Election 2016

John Katko wins re-election to House of Representatives seat

Wasim Ahmad | Staff Photographer

John Katko won re-election on Tuesday to a second term in the United States House of Representatives.

Republican incumbent Rep. John Katko won re-election on Tuesday to his seat in the House of Representatives for New York’s 24th Congressional District.

Katko defeated Democratic challenger Colleen Deacon, a Syracuse University alumna who trailed Katko in the polls throughout the election cycle in the race for the 24th District, which includes all of Onondaga County as well as all of Cayuga and Wayne counties and some of Oswego County.

With 93 percent of the 24th District reporting, Katko had garnered 60 percent of the vote. In Onondaga County, he won about 58 percent of the vote, or just under 110,000 votes, according to the Onondaga County Board of Elections.

Deacon conceded the race at 10:54 p.m. Tuesday night after speaking with Katko on the phone, she said.

At Katko’s watch party inside the Sheraton Syracuse University Hotel and Conference Center, about 500 supporters gathered, some of them local politicians. Katko gave his victory speech just before 11:30 p.m., during which he said he is committed to the people of New York’s 24th Congressional District.

“I don’t represent Republicans, I don’t represent Democrats, I don’t represent Independents,” he said. “I represent all of you.”

While Katko remained unseen for most of the night, those in attendance celebrated the success of Republican congressional candidates and Republican presidential nominee Donald Trump. They watched live feeds of the presidential, congressional and local elections broadcasted on screens for attendees to watch.

At Deacon’s watch party inside the Marriott Syracuse Downtown, the mood was much different, turning particularly somber as she took the stage around 11 p.m. to give her concession speech. Deacon said she was proud of her campaign and promised to continue working for Syracuse and the rest of central New York.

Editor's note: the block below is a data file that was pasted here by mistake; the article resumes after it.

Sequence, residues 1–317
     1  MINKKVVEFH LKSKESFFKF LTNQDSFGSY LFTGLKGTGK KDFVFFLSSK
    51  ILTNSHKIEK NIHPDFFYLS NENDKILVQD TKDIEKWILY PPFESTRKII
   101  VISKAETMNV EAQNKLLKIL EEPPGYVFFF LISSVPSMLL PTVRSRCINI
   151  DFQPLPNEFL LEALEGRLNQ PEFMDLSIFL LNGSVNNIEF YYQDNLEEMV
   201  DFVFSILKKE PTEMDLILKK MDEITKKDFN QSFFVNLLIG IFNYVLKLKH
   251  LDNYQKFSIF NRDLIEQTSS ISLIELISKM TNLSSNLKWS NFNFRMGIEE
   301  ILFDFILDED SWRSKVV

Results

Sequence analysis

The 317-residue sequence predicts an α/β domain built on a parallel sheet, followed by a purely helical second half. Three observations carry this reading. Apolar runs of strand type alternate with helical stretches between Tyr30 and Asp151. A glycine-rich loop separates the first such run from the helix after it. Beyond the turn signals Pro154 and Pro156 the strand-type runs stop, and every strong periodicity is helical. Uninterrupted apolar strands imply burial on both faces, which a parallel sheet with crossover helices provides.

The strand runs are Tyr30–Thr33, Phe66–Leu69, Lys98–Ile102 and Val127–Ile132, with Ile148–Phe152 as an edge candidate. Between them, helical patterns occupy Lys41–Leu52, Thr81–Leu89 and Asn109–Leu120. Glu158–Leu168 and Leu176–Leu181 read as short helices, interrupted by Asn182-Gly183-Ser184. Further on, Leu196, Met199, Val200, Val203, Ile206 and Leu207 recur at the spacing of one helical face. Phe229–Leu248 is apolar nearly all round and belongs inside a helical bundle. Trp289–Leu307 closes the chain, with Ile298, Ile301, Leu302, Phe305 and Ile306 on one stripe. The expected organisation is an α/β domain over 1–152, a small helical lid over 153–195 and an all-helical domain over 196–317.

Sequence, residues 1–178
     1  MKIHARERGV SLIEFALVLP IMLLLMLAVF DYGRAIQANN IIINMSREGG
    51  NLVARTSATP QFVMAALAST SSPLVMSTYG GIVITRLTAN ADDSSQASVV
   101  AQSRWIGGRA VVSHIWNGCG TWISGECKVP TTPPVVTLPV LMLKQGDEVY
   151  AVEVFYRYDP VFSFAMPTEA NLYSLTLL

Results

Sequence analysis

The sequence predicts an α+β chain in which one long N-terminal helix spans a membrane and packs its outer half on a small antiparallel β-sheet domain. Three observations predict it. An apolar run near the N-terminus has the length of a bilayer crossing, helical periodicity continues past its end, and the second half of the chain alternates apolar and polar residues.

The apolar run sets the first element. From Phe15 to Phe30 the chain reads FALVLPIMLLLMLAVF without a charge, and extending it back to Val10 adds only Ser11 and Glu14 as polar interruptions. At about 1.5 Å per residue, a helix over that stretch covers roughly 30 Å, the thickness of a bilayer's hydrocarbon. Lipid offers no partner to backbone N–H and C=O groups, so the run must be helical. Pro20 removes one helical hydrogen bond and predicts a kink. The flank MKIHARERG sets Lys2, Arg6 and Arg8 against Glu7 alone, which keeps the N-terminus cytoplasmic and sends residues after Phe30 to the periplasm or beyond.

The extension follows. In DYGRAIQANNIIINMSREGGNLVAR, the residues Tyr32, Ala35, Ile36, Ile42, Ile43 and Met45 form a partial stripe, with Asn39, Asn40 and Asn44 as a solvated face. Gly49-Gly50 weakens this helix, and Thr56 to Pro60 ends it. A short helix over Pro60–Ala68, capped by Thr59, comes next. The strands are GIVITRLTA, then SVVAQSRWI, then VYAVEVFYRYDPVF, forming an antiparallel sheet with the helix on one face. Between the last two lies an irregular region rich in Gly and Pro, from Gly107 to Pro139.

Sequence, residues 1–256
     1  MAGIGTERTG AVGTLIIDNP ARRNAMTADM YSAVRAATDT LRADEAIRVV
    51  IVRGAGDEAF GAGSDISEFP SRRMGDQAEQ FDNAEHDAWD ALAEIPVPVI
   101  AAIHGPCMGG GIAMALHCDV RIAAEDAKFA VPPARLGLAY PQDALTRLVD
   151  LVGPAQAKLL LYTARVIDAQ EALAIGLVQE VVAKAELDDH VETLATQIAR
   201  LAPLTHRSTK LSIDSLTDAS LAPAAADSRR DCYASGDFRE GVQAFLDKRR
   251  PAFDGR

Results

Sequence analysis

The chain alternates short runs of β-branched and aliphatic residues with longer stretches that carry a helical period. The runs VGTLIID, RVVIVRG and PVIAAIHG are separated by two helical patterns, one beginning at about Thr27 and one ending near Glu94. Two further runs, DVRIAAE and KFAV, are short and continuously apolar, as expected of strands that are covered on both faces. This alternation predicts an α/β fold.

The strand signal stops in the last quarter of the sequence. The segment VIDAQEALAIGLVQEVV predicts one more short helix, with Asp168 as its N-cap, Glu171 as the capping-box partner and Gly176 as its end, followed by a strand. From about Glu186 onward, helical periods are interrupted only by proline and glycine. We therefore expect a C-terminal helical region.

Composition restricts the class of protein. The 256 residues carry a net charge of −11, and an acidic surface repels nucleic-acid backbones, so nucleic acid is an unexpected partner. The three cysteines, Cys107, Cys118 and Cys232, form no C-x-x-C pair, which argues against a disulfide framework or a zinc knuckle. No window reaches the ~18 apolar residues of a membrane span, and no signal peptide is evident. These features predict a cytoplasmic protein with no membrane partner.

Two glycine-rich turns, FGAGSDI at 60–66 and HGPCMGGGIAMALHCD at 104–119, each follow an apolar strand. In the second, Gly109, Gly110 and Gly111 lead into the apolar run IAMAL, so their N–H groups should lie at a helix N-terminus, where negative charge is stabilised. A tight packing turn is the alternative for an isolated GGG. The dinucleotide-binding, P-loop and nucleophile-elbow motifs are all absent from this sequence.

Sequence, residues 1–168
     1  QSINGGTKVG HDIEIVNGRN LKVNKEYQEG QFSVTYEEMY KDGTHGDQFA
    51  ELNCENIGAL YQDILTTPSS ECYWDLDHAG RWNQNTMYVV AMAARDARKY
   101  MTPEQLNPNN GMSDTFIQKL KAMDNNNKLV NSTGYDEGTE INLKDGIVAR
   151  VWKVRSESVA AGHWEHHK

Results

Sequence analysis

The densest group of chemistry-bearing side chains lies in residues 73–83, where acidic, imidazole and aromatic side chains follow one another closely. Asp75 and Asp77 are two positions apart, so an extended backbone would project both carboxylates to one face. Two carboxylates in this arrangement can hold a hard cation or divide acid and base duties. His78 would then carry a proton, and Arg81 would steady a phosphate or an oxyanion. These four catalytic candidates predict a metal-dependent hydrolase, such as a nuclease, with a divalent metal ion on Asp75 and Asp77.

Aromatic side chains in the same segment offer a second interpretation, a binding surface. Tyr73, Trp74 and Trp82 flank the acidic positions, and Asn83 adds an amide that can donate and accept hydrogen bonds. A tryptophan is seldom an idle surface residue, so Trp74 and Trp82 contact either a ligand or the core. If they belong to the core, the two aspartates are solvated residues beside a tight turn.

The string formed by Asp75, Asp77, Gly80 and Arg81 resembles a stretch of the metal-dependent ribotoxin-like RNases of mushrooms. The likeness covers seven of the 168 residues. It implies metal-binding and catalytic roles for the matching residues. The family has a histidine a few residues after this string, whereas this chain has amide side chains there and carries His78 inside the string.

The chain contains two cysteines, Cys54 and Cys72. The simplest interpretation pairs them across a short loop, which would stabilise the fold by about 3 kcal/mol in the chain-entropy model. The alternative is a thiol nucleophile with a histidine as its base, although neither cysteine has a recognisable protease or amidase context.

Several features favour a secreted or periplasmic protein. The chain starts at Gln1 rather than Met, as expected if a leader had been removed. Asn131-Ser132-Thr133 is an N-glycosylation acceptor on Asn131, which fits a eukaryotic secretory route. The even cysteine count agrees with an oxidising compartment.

“I didn’t do this for me,” she said. “… I did this for the people of central New York.”

During her campaign, Deacon made “strengthening families” a common theme. She proposed closing loopholes in the Equal Pay Act and passing equal pay legislation to shrink the gender wage gap, while she has also voiced support for Planned Parenthood. She also said, if elected, she would push for comprehensive paid family leave allowing workers up to 12 weeks of paid leave to care for newborn or ill children, a sick spouse or elderly parents.

Katko, an SU College of Law alumnus and Syracuse native, has served in Congress since 2015. He has characterized himself as an independent member of Congress not afraid to branch away from Republicans. During his first term, he was one of only three Republicans to oppose a bill repealing the Affordable Care Act, and he objected the amendment of a bill introduced by a Republican that would have terminated the suspension of the deportation of young undocumented immigrants.

As a member of Congress, Katko has often emphasized national security issues. He has served as chairman of the House Homeland Security Committee’s Transportation Security Subcommittee since 2015. The subcommittee — which has jurisdiction over all of the Transportation Security Administration’s security matters — includes both Republicans and Democrats, reflecting Katko’s bipartisan approach in politics.

Katko, while in Congress, has also supported lower taxes and reduced levels of government spending in an effort to create jobs and improve the economy. He has also said he plans to work in a bipartisan manner to pass legislation that would address the rising amount of student loan debts across the country.

Before his election to Congress, Katko served for more than 15 years as a federal prosecutor in Syracuse for the U.S. Attorney’s Office in the Northern District of New York. In that role, he helped form the Syracuse Gang Violence Task Force, which according to his website, led to the prosecution of gang members and a significant drop in Syracuse’s violent crime rate.

During the election cycle, Katko endorsed neither Republican presidential nominee Donald Trump nor Democratic nominee Hillary Clinton for president, saying he was disappointed with both candidates.

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